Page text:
There are so many things I want to post about this week, but true to form I’m writing about what is presently on my mind. It’s time to select a new au pair for Ryan and this always gives me pause...au pairs are exchange students from other countries who come for a year to watch your children and do the cultural exchange thing. So far we’ve been very lucky with Ryan’s au pairs and they have all adored him, but I believe it does take a special person to commit to a year of caring for an autistic child, sight unseen.
Ryan is a peach—he isn’t aggressive and he is a loving little boy. But I know that autistic people are often stereotyped as being violent, and frankly, strange. It hurts my heart that someone could feel this way about my little boy.
But I know in all honesty that I would have been that person—before Ryan…before I knew that autistic people were just people with autism. Before I realized that many of the behaviors we associate with autism that seem odd, are in fact caused by physical pain that cannot be verbally expressed. Before I knew that doctors know very little about autism, and don’t much care to learn, that the medical establishment thinks odd behaviors and postures are just what “they” do.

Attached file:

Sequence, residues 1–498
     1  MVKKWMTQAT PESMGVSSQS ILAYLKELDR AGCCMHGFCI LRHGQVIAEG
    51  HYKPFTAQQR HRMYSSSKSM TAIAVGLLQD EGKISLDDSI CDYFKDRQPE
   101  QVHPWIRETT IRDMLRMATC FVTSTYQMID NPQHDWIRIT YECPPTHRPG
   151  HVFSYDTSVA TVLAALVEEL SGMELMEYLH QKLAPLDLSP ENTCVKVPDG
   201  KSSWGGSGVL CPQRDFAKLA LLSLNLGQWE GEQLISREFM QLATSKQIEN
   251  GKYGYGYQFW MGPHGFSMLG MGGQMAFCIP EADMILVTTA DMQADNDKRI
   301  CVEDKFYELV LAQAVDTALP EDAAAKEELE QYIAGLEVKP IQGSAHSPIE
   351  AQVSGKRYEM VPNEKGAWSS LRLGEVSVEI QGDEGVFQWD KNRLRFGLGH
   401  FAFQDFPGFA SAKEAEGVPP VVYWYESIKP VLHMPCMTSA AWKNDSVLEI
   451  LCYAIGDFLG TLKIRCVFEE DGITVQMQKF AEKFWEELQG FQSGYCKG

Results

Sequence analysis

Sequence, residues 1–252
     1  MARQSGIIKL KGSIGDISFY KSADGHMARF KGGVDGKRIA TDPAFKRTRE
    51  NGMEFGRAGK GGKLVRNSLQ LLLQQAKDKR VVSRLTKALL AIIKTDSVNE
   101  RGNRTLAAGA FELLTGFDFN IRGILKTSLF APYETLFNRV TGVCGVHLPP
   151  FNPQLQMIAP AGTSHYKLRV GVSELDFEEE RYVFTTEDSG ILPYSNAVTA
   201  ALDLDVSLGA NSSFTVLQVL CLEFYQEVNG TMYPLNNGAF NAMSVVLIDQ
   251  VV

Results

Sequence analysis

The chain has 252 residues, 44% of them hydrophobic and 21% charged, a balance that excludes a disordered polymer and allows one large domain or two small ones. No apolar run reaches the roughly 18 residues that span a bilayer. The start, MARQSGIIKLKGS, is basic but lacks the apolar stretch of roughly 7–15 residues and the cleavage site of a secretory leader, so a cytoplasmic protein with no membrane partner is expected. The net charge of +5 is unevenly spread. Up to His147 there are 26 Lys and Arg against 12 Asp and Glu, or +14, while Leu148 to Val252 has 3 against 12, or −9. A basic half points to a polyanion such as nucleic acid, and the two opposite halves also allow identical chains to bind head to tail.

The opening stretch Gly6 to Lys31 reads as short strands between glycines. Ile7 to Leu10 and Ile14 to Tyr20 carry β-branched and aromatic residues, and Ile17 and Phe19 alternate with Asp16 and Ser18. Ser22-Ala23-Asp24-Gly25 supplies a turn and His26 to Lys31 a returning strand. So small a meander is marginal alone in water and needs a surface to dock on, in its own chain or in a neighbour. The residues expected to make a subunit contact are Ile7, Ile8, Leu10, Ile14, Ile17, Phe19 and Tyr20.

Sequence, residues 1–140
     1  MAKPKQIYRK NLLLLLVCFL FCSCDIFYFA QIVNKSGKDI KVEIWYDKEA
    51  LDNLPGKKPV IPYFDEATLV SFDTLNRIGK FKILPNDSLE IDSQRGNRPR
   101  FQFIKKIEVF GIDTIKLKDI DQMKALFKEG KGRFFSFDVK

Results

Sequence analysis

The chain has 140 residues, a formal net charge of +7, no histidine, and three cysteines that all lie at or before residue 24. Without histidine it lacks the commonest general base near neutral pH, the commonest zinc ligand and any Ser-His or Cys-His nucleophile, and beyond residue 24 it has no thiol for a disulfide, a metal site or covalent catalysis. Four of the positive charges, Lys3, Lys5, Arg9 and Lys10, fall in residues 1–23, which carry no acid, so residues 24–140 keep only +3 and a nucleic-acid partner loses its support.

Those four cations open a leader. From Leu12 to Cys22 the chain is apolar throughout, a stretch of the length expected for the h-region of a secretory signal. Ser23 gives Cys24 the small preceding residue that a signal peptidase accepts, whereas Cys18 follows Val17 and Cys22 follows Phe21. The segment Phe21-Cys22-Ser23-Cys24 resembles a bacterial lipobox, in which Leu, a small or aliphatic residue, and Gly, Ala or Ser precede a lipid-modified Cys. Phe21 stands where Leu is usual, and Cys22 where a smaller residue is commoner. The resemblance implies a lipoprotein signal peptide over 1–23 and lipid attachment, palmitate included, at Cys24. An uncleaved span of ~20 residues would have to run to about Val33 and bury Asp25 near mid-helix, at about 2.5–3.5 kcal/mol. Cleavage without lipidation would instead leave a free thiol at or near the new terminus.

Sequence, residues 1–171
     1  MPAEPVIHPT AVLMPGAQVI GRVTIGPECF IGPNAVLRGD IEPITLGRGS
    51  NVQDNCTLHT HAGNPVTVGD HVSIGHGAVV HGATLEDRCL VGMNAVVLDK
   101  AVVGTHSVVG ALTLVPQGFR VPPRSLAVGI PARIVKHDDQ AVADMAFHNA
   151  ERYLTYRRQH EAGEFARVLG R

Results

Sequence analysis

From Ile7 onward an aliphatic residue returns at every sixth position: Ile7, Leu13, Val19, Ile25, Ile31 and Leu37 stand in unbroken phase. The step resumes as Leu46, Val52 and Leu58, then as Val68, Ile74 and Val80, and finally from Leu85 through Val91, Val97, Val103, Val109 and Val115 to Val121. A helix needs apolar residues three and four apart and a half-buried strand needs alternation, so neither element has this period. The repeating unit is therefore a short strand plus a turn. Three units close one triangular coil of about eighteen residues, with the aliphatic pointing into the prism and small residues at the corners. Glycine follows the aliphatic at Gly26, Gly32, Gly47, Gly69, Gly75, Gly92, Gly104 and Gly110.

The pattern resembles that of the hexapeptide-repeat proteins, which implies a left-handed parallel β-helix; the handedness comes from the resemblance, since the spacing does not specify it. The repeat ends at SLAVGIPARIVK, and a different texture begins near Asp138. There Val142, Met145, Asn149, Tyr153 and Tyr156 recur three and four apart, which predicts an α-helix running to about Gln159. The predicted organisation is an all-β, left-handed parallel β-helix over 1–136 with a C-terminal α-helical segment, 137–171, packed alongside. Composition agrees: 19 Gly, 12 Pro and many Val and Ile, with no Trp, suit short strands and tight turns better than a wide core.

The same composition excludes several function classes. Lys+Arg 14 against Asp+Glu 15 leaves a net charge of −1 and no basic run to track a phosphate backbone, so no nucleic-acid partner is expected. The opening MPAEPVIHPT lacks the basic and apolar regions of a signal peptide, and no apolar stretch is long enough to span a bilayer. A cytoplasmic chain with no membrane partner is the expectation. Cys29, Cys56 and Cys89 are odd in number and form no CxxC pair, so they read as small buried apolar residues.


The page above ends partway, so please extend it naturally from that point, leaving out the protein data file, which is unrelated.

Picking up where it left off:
|Hands over ears--I recognize this!|
It is precisely because most people know very little about autism and think these children cannot improve or even recover—medical doctors included—that I do what I do…blog, advocate for autism insurance reform, work with a non-profit to bring autism specialists to our islands…and I know somehow, someday I will achieve my goal of building an autism medical center here in Hawaii. Our children have a special need because of Hawaii’s geographic isolation.
|Autism Research and Education Center in Jerusalem...one day we'll have one in Hawaii!!|
But I also know that I do what I do solely because of Ryan. It would not have occurred to me prior to his diagnosis to involve myself to such a degree for any cause. He changed me in a profound way and I am eternally grateful for that. I am not thankful he has autism, make no mistake, but he instilled in me the drive to make things better for all people with autism.
So as I look over applications, wondering who will be the next young woman to pop into our lives, I am amazed at how many of these young people are interested in working with children just like Ryan. And not because they have a special needs child in their lives, but because even at their tender ages, they realize how it enriches the soul to do something for others.
I only wish I had learned this sooner…